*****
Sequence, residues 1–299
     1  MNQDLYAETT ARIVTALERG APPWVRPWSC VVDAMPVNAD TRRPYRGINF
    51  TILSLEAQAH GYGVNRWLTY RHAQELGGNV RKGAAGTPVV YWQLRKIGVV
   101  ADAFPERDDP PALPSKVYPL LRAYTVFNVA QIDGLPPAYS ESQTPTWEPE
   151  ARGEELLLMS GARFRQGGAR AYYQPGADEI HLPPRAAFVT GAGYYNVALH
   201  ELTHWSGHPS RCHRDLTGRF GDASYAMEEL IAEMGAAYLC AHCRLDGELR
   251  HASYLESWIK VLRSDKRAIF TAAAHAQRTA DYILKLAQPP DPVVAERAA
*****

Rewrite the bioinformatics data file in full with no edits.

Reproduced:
Sequence, residues 1–299
     1  MNQDLYAETT ARIVTALERG APPWVRPWSC VVDAMPVNAD TRRPYRGINF
    51  TILSLEAQAH GYGVNRWLTY RHAQELGGNV RKGAAGTPVV YWQLRKIGVV
   101  ADAFPERDDP PALPSKVYPL LRAYTVFNVA QIDGLPPAYS ESQTPTWEPE
   151  ARGEELLLMS GARFRQGGAR AYYQPGADEI HLPPRAAFVT GAGYYNVALH
   201  ELTHWSGHPS RCHRDLTGRF GDASYAMEEL IAEMGAAYLC AHCRLDGELR
   251  HASYLESWIK VLRSDKRAIF TAAAHAQRTA DYILKLAQPP DPVVAERAA